When Lois and Clark walked in, separately, Perry knew that they had not resolved the problem by themselves. Most likely, they badly needed to talk to each other, and they were too upset to let that happen. Neither wanted to be the one to start the conversation. Perry could easily remedy that situation by being the one to start it. "LOIS!!! CLARK!!!" he bellowed. "In my office, on the double!!"
The reporters rushed in. Everyone at the Planet knew better than to go at less than top speed into the Chief's office when he used that tone and volume of voice. Perry led the reporters into the conference room, where no one could hear what they were saying.
"Now," he said, "I know you two have been having some major troubles, personally,"
"Chief…" Lois protested, but trailed off at his glare.
"And I have given you time to work it out alone, but I can see that you aren't going to do that without a little push. Do you want to talk to me about it?"
Lois and Clark looked away.
"Okay. Then talk to each other."
"Now?" Lois asked.
"Yes, now. This little feud is ruining my newsroom and my best reporting team. Not to mention two of the people I care most about in the world. I want you to discuss whatever it is, and when you're done, you can come out. But until then…" Perry left, locking the door behind him.
"He locked us in!" Lois exclaimed indignantly.
"He wants us to talk. No distractions."
"Fine," she sighed. "I think we need to talk, anyway."
"So do I." Clark ran a hand through his hair and paced a little, sure signs that he was frustrated. "Lois, I just have to know. What was it? What happened that made you… leave?"
"Lois, please. Tell me. I think I deserve to know. Was it that bad?" he asked, only half-joking.
"Clark, no. It was… incredible."
"But?" he prompted.
"I got scared, I ran. I'm sorry."
"Lois, you don't have to be scared of this. I'm not going to hurt you."
"It's not that. I was scared because I didn't know what to do, what to say to you. That night… I don't know what I was thinking. But whatever it was, I was wrong. We can't ever have a… a sexual relationship, Clark. That's not right for us." She hated doing this to him. His face, his eyes… she could see his heart breaking in them. But she had to do this. "We're friends, you know? We're friends, Clark, and that's all we were destined to be. I'm sorry. I'm so sorry. It was wrong of me to… to take advantage of your feelings when all I wanted was…" She sighed.
"Lois, are you trying to tell me that you didn't feel anything? Nothing at all?" He couldn't believe what he was hearing. He had felt something incredible, something so *right.*
"Clark, I felt a lot of things. But they were all physical. And I just…" She broke off and paused for a minute. "It shouldn't have happened. None of it should have happened. I want us to be friends. If I could take back that night, I would, but I can't. I just wish we could go back to the way it was. If we could just forget that night…" Lois trailed off, knowing how terrible that sounded, how much she was asking him for.
"Do *you* think you could ever forget it?" Clark asked quietly.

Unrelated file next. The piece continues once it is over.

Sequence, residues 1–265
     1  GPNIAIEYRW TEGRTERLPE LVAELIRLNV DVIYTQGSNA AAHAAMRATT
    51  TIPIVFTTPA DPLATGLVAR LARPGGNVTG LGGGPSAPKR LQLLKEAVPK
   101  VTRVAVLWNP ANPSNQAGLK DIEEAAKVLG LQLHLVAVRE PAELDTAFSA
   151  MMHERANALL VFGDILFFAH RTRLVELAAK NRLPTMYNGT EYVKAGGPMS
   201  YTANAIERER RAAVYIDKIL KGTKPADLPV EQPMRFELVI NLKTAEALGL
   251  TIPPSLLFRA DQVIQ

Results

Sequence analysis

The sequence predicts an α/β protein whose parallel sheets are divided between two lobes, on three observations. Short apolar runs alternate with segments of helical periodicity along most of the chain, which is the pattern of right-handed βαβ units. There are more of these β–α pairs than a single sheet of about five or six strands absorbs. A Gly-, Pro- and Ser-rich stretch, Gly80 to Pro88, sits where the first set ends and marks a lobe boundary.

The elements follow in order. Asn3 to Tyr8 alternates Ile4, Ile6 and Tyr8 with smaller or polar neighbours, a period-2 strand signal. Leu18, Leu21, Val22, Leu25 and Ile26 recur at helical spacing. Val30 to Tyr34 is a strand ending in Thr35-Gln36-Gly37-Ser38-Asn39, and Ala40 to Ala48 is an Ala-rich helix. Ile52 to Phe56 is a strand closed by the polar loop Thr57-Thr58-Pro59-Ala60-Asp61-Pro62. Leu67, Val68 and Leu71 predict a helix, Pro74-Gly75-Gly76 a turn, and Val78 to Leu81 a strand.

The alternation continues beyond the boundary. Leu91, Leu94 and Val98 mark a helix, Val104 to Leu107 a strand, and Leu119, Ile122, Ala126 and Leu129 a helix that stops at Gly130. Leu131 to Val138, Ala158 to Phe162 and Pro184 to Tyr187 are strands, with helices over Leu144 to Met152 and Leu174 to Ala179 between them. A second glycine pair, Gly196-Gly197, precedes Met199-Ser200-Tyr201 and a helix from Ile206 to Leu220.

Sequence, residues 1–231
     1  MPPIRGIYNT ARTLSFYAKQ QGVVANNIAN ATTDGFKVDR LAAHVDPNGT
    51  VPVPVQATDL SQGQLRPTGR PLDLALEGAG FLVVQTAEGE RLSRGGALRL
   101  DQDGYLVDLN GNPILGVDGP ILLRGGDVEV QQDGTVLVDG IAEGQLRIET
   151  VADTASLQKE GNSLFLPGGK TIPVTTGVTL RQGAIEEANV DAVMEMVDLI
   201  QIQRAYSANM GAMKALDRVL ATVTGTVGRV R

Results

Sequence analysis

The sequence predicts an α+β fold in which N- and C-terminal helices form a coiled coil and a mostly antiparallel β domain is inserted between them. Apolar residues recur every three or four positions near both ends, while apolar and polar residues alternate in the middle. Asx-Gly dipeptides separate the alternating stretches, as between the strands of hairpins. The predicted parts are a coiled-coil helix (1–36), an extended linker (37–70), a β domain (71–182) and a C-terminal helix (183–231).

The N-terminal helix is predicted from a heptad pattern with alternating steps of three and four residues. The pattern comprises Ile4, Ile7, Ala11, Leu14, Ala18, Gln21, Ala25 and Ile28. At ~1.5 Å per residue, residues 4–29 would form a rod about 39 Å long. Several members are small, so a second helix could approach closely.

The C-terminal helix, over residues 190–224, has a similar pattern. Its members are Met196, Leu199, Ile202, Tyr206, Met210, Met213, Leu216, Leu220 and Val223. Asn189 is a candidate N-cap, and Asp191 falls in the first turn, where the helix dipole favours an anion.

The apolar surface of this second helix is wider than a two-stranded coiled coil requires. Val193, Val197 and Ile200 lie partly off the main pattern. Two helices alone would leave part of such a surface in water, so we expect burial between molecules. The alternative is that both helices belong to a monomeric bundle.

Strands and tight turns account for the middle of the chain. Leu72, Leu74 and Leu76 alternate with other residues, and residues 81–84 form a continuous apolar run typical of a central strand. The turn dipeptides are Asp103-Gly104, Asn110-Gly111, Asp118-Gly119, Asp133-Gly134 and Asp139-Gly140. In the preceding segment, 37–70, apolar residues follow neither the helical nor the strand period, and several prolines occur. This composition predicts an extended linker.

Lois looked down. "No."
"And neither will I. But, if that's what you really want, for us to put it behind us, I'll try to give you that. But if you ever change your mind, you know how I feel. That will never change. I'm not locking any doors, not burning any bridges, and you shouldn't, either. If you ever want to go back… just say the word."
"I know. I know. But please, remember that. I'll always be yours, Lois. I'm not going to say it again, after we leave this room. I'll keep my promise to put all this behind me." He put a gentle hand to her cheek. "But for now, while we're being honest about our feelings, let me say it just one more time." He looked deep, deep into her teary eyes, and she could see the pain in his own. "I love you, Lois, and I always will." He bent to kiss her, a short kiss that was their final taste of each other. As it ended, so ended the affair that had wreaked havoc on their lives.
Clark straightened up, took his hand from her face, and backed away. He handed Lois a tissue to wipe her tears with. Then he walked over to the door and knocked to get Jimmy's attention. Jimmy got Perry, who unlocked the door. Lois and Clark went silently back to their desks.
Lois sat down, thinking about what had just happened. Clark had given her more than she could have possibly hoped for, and been more understanding than anyone else in the world would have been in the same situation. Still, it hurt so much to be the cause of such terrible pain to her best friend. And it hurt not to be able to love him the way he deserved her to love him. Whoever said love is hell was a smart man.
"Come on, Lois," said Clark's voice from behind her. "We've got a story to do."
She turned to face him, seeing right through his attempt at a pleasant business-like smile. "I'm right behind you," she replied.
TWO WEEKS LATER
Lois was finishing her dinner with Lex in his penthouse in the sky. She sat back and sipped her champagne as she talked with Lex.
"Lois," he said, "you have no idea how much you mean to me, your being here with me. I feel like the luckiest man on Earth. Ever since I made my fortune, I've felt… alone, somehow. Thousands of people know me, but no one bothers to *really* know me. No one, that is, except you."
"Well, Lex, I…"
"Wait. Let me speak. You are the most important thing in my world, and that's why I want to say, 'Omnia vincit amor, et nos credamus amori.' Love overcomes all things, let us, too, yield to love." He pulled out a small box and proffered it to her. "Will you marry me?"